It has been observed that we have built our cities with increments of time:  the “forty-five minute rule” claims that city size has historically been determined by the length that can reasonably be travelled in forty-five minutes.  If on foot, about two to three miles; if in a horse-drawn cart, somewhat longer; if by train or car or motorized bus, longer still.  While this may not hold true in all cases, it seems to make sense:  a person can only spend so much of their waking hours travelling, or else nothing would get done.  City height and density may have been determined in part by construction technology and infrastructure limitations, but its breadth may be most practically determined using travel times, not physical distance.

The importance of time in urban movement – and it seems that urban life is all about moving from one place to another – is most evident in public transit.  We often choose one mode over another based on travel times, even if it puts us a couple blocks out of the way; we may even spend more money on a cab just to save time.  Using NextBus and similar tracking services, we determine our schedule by the number of minutes to arrival, not the length or even number of stops the bus or train has to travel.  Our estimated travel time may make one place seem more accessible than the other, even if they are both exactly one mile away.  We measure our reasonable walking radius by minutes as much as by miles; and even in easily-understood grid cities like (midtown) Manhattan or Chicago, we orient ourselves at least as much to the time spent in transit than to the miles we travel every day.  In more chaotic cities like Boston or Paris, the zig-zag distances we travel are hard to measure, and it’s not really worth doing so anyway.

A good rule of thumb:  most places in Chicago seem to take forty-five minutes to reach; most places in Columbus take ten to twenty.  If the destinations are close, we may take a leisurely walk and allow ourselves extra “cushion” time to leave.  If they are further away, driving time must include a traffic jam and some time to search for parking; if taking public transit, we build in extra time to wait for the bus or train, and even more if a transfer is required.  Unless it’s just up the street, we expect to take some extra time getting there.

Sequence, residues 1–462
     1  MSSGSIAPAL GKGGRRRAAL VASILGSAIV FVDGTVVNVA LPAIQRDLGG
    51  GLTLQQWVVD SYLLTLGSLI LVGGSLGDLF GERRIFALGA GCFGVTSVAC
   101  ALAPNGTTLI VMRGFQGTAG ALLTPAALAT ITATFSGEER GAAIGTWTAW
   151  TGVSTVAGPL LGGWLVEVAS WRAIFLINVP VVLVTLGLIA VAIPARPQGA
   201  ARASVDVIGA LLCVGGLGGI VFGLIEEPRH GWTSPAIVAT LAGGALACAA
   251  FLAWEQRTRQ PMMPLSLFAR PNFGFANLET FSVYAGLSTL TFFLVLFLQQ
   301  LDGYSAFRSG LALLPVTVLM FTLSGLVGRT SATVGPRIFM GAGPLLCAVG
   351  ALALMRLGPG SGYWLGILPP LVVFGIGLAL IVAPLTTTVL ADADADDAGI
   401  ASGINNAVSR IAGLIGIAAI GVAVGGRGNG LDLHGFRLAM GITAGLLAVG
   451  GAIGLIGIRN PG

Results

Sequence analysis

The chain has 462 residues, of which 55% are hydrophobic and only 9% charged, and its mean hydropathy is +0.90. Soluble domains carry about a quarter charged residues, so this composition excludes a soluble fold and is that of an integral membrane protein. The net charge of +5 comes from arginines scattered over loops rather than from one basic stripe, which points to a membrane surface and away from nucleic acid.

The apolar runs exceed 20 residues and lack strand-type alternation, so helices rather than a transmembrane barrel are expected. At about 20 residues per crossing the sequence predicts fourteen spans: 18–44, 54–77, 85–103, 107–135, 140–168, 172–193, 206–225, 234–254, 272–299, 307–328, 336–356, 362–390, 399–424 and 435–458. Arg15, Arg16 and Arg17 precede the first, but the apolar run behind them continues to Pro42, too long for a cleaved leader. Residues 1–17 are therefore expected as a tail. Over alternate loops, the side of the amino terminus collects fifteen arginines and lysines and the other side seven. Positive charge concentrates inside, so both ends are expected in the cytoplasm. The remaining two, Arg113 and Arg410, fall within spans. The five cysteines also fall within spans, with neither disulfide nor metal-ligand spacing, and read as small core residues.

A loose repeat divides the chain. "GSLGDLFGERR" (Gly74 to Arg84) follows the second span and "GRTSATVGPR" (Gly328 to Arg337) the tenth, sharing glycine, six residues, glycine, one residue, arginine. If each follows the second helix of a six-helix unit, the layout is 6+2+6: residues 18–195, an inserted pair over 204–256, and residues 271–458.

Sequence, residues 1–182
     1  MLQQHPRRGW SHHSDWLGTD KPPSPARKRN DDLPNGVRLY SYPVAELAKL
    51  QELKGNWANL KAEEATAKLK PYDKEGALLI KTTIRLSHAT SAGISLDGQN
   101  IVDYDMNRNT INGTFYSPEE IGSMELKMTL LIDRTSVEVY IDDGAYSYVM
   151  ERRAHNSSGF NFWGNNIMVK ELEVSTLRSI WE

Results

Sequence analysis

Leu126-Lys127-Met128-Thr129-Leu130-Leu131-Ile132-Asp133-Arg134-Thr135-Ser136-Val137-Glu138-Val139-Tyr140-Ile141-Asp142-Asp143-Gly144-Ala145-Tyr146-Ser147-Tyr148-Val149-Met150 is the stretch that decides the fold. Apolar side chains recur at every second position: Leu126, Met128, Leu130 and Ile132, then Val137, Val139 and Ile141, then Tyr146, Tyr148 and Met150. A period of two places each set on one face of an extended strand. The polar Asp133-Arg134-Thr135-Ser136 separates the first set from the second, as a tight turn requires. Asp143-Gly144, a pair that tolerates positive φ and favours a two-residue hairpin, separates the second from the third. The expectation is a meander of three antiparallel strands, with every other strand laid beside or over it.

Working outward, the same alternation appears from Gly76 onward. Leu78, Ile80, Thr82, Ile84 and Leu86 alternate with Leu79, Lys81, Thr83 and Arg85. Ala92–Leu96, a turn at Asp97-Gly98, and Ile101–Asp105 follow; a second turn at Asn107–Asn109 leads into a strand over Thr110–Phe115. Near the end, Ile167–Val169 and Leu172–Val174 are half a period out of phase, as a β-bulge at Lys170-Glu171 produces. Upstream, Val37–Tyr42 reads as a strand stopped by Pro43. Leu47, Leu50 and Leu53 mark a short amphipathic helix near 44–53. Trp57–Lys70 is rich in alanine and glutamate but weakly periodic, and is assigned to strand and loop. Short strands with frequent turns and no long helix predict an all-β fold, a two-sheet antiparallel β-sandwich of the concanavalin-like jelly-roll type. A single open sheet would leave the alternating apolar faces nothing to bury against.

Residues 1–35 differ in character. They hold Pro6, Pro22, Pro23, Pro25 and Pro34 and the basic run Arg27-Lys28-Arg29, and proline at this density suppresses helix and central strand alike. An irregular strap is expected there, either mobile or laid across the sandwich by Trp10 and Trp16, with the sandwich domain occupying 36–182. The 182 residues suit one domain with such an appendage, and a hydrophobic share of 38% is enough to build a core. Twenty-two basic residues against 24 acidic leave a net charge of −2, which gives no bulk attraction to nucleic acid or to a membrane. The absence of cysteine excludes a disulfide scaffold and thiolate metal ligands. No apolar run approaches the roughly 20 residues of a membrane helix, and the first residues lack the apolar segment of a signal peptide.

Trains are most closely linked to time, and are often disconnected from space.  Consider the origin of standard time itself:  the development of cross-country train networks in the United States created the need for a common understanding of when noon or eight or five actually occurred, rather than each town measuring for itself by solar position alone.  (A plaque near the Chicago Board of Trade building commemorates that city’s part in the “invention” of time.)  Because the train’s route and schedule are already circumscribed, we think little of the actual distance we travel, but conceive of the trip more or less as a straight line from A to B, within a given time frame.

Train schedules and maps exist even further out of real, physical space:  the stylized, rectilinear diagram of the London or New York subways alter the form of the city itself to be more legible as a network of colorful lines; stations that appear relatively far apart may indeed be only a block or two away, as is the case with the Regent’s Park and Great Portland Street Tube stations in London. [walking] [by train].

Furthermore, particularly for commuter rail with few or no connecting stations, the schedule is all we really need.  When will it depart?  When will I arrive?  The intermediate locations, not to mention the actual path of the track, is irrelevant.

Inter-city travel may be more or less time-dependent than intra-city.  While we pay attention to miles on the highway, relying on the odometer and the gas tank to remind us when to stop, when we travel by air, we worry primarily about whether or not we’ll miss our flight.  The actual experience of travel is disconnected from the physical distance:  we arrive in one airport, wait a bit, board the plane, perhaps watch landing and takeoff and catch glimpses of farm fields before ascending above the clouds, then touch down again at an eerily similar airport elsewhere.  Frequent flyer miles remain somewhat arbitrary numbers, points we accumulate over time.